Brewing with Special Ingredients: II (Sugars)


Add it in the boil.

Many special ingredients in beer will fall into a category, including sugars, starches, alcohols, spices, herbs, roasted ingredients (especially coffee and chocolate), nuts and fruits (and fruit peels). One of the easiest kinds of special ingredients to handle in the brewhouse is sugars.

Cane and Beet Sugars

There are many types of sugar a brewer might add to his beer. The sugar may be added only for its fermentables, or the flavors associated with the sugar may be desired.  Sugars that are commonly added to homebrew include refined sugars such as beet sugar or cane sugar (both sucrose). Most refined table sugar in the word comes from either sugar cane of sugar beets. Refined sugars add no flavors or aromas to the brew, they are simply fermented and turned into carbon dioxide and ethanol. Less refined versions of cane or beet sugars include piloncillo, panela, jaggery (which can also be made from date or palm sugars) and raspadura. These have a distinctive flavor because some plant material is still associated with the sugar.


Byproducts of Refining Sugar

Molasses (including treacle and blackstrap molasses) is a byproduct of refining cane sugar. After the sucrose crystals have been removed from the dark brown syrup made from heated cane juice, the remaining liquid is molasses. (Beet molasses is also produced, but is only suitable for use in animal feed.) Molasses and brown sugars — which are refined sugar with some refining byproducts either retained or added back to the sugar — add their distinct flavors when added to beer. Popular types of brown sugar include demerara, turbinado, muscovado and plain supermarket brown sugar. (I sometimes add molasses to my porter.)


Caramelized or Inverted Sugars

Sugars can be caramelized and added to beer. Caramelization occurs when sugar-rich solutions are heated to the point that simple sugars react with each other. The result is a tan or brown solution. Caramel flavoring is known to work well in beer as crystal or caramel malts are frequently used and have this flavor.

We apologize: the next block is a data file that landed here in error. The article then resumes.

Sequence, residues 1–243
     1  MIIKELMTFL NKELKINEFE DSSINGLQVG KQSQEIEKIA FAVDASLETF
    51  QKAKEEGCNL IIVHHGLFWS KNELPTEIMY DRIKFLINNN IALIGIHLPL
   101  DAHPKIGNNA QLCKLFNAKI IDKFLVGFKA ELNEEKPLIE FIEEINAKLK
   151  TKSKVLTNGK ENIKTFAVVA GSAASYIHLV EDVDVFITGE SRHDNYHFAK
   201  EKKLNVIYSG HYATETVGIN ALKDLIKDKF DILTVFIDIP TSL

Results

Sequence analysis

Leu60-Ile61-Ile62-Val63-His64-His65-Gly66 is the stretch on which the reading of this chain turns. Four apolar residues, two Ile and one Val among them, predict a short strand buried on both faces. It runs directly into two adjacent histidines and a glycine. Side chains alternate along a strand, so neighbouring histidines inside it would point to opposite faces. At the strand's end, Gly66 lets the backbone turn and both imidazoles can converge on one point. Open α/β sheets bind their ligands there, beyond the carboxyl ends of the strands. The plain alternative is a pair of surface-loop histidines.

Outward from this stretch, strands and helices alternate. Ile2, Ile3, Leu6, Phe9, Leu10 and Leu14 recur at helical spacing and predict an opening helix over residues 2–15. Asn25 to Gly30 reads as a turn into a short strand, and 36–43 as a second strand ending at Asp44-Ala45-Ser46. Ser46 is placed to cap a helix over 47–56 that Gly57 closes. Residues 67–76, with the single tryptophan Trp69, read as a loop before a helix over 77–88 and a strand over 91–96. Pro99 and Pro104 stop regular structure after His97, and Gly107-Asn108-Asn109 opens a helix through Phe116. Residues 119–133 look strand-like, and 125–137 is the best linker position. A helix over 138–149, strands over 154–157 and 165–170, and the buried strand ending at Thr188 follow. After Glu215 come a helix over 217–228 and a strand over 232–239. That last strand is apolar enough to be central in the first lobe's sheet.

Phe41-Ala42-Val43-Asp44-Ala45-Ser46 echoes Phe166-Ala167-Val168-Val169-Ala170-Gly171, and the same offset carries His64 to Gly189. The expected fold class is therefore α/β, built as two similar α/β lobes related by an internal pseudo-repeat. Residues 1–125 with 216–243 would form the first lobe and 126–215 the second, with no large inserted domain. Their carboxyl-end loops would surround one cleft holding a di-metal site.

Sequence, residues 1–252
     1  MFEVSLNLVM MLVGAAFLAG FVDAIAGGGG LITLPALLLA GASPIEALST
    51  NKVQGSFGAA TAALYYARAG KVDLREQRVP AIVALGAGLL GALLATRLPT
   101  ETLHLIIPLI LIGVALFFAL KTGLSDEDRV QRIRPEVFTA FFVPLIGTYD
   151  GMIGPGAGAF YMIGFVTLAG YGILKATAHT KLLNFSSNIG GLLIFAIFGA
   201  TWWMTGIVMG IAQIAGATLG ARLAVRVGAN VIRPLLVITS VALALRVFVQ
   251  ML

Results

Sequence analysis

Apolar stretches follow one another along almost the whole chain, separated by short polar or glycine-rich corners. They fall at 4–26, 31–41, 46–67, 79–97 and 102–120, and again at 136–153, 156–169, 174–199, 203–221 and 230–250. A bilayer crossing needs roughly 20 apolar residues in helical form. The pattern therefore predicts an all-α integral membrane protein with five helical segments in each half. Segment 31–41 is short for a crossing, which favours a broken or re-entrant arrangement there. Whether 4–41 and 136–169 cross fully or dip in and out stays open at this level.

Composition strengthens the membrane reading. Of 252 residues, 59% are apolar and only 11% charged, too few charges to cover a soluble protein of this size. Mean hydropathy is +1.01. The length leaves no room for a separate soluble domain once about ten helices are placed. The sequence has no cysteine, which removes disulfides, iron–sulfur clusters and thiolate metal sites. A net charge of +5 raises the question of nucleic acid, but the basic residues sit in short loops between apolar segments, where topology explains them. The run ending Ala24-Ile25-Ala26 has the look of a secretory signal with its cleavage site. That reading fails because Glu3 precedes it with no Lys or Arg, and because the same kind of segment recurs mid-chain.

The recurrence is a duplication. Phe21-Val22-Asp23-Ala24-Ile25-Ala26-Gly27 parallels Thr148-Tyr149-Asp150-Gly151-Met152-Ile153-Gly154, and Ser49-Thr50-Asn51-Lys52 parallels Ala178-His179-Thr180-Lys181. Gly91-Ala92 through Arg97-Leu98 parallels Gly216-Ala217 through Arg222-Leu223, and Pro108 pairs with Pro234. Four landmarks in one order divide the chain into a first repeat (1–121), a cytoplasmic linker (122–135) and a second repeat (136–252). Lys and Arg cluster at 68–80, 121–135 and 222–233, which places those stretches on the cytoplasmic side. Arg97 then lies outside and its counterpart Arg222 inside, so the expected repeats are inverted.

Sugars can also be “inverted” and added to beer. Invert sugar is made by heating sugar with an acid (often cream of tartar) present. This splits sucrose molecules into their component glucose and fructose residues. (Lyle’s Golden Syrup is a popular invert syrup.) Invert sugar is sweeter than sucrose, because fructose is about 20% sweeter than sucrose. (Glucose is less sweet than sucrose.)

Belgian candi sugar and Belgian candi syrups are made from beet sugar that has been inverted and, in the case of dark sugars or syrups, caramelized.


Sugars from Sap and Starch

Sugars can also come from the sap of plants. Maple syrup, birch syrup, palm syrup and agave syrup are all sugar solutions condensed from sugar-rich plants.

As brewers, we also know sugars can come from starch. In addition to malt syrup (made, of course, from barley), sorghum syrup and corn syrup are also produced from their respective grains. High fructose corn syrup has largely replaced refined sugar (sucrose) in US food production. I have used HFCS, in the form of the soda pop Mt. Dew, in beer. The corn sugar (glucose monohydrate) sold in homebrew stores as priming sugar is made by the enzymatic hydrolysis of corn starch.